Every time I drive to Indianapolis, I first go to the public library and check out a book on CD. I figure if I am going to spend that much time in the car…I should make the best use of that time. Usually I get a leadership book or a book that delves into some interesting research. Today, I grabbed The Hunger Games. I love the movies and love the books. I figured, “This has to be equally as awesome!” I put the CD in my computer to check it out (I always do this for a couple minutes to make sure it is something I really want to listen to). It took about 30 seconds for me to be completely disappointed. It was the same story…so why wouldn’t I like it? For starters, the woman’s voice reading it did not fit my mental picture of the main character. I can get past that. What I couldn’t get past was that this was a woman reading a story to me. That is not good for me. You see, I don’t want someone to read a story to me. I want someone to tell me a story. There is a big difference. A difference I have been aware of for quite some time. So…it got me thinking:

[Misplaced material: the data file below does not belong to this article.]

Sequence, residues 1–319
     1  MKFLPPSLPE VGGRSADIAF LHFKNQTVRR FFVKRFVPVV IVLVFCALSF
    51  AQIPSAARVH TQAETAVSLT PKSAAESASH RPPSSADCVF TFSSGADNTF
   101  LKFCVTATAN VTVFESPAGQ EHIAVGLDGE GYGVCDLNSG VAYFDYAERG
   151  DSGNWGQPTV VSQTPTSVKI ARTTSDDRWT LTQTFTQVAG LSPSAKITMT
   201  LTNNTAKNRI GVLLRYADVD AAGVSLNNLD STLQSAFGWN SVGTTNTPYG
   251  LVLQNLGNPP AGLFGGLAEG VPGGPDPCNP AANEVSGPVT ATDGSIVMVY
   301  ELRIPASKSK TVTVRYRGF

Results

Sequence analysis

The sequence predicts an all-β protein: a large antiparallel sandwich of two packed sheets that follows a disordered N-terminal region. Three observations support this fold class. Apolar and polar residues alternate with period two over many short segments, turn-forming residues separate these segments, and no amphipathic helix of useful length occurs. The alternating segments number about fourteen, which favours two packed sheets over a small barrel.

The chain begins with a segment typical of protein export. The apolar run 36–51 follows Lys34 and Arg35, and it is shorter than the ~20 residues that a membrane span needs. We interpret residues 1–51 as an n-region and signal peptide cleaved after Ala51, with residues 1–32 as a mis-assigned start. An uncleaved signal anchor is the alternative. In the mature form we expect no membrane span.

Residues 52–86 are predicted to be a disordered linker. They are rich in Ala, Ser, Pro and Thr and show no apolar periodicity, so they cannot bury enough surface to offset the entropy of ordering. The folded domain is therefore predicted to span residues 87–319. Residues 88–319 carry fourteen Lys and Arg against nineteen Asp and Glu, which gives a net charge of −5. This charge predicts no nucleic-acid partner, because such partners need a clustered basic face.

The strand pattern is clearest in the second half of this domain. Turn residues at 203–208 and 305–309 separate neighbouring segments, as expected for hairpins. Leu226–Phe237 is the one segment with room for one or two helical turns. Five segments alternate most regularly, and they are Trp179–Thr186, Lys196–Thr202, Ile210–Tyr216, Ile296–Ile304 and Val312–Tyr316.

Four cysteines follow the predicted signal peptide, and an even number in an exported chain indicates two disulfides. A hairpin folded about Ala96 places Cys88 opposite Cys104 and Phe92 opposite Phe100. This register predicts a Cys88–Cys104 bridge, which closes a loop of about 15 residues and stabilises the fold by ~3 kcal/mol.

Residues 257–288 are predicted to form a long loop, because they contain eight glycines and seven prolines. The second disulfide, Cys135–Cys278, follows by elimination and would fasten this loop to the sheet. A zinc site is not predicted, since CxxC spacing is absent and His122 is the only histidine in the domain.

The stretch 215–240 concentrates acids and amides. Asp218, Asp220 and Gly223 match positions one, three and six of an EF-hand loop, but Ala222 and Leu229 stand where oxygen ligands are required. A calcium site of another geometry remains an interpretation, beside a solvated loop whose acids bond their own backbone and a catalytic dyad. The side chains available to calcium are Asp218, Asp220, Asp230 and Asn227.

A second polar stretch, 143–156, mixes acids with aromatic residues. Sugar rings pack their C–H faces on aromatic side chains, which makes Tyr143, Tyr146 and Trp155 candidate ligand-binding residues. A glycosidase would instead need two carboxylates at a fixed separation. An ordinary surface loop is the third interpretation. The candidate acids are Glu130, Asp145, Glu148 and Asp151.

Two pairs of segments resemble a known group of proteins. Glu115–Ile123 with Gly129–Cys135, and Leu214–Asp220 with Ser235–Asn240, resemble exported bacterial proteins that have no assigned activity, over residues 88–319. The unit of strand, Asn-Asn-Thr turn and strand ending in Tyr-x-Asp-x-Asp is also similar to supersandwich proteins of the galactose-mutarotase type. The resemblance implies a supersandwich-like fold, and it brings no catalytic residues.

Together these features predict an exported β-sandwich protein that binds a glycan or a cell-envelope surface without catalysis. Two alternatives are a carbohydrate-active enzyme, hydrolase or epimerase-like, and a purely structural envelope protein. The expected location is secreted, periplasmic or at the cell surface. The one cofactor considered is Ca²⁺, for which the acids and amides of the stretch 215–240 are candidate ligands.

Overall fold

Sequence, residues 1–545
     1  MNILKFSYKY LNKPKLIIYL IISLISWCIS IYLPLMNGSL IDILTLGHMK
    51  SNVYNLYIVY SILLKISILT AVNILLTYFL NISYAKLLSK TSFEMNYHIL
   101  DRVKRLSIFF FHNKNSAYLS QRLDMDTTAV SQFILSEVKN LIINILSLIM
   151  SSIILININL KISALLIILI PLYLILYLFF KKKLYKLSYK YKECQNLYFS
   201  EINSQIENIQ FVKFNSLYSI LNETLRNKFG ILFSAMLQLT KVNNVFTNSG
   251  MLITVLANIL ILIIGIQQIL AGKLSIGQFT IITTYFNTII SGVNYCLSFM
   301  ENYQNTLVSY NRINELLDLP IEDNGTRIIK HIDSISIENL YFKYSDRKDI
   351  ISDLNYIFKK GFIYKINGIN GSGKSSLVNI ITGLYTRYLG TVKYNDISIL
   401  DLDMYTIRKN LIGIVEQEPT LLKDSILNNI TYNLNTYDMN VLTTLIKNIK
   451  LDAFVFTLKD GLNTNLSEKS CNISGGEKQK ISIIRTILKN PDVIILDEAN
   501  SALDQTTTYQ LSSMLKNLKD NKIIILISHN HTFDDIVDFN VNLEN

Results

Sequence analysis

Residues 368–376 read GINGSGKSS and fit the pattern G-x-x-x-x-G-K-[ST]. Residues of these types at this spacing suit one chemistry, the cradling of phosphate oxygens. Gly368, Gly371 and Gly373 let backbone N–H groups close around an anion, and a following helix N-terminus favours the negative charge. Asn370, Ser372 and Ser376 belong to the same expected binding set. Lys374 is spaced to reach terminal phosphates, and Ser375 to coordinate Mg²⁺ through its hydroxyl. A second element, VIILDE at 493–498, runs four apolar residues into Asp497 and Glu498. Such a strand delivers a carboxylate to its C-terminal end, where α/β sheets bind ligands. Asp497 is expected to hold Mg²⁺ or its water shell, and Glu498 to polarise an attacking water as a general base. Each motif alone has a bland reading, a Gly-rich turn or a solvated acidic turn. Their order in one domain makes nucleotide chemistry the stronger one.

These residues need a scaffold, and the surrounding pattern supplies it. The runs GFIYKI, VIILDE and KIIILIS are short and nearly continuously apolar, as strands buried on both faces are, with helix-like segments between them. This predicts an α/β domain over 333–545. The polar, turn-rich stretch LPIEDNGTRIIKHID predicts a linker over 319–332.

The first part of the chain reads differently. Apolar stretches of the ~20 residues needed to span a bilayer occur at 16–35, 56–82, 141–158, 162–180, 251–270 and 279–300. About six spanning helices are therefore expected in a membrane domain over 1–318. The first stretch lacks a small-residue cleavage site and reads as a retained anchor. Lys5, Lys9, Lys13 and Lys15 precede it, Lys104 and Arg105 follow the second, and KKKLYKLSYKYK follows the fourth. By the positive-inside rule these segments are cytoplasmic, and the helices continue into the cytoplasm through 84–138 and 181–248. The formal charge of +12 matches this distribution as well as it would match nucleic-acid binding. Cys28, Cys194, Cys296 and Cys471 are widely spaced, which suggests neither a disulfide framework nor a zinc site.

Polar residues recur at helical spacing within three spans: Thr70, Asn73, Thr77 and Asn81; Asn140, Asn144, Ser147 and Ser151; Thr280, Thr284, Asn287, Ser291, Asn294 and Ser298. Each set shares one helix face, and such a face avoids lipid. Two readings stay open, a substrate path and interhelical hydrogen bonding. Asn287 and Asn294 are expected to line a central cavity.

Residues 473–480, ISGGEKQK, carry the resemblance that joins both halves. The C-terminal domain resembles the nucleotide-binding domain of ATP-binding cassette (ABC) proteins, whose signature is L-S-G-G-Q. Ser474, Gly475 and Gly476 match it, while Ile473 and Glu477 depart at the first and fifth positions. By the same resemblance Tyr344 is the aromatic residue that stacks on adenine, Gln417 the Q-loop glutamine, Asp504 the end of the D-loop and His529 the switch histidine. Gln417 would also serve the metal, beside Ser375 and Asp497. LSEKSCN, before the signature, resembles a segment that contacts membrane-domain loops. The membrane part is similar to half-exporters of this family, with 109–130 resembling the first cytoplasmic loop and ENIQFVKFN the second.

There once was a time when the vast majority of people could not read. Educational institutions were not readily available for people to become literate…nor was it a priority at the time. However, stories of the past continued on…without textbooks, various idiot’s guides, and the internet to provide a wealth of written words to pass along information. Instead, the population relied on the telling of stories. This oral tradition was critically important for so many areas of knowledge and wisdom…especially when it came to the transmission of the story of God. Yes…for quite some time, the history of God’s redemptive work was an oral tradition. Passed on from one generation to the next, people told stories to keep the grand story of God alive for years.
But, over time, more people were able to read, the Bible was written, and there became a false assumption that everyone can read (not to mention there is a general expectation that everyone DOES read…which is also false). As preachers, teachers, parents, and simply people who are concerned that the upcoming generations are becoming more ignorant to the stories of God…we must rekindle the great art of storytelling.
Why? Well…here are 3 reasons (whether a preacher leading a church, a parent raising kids, or someone trying to share Jesus with your neighbor) you should tell more stories.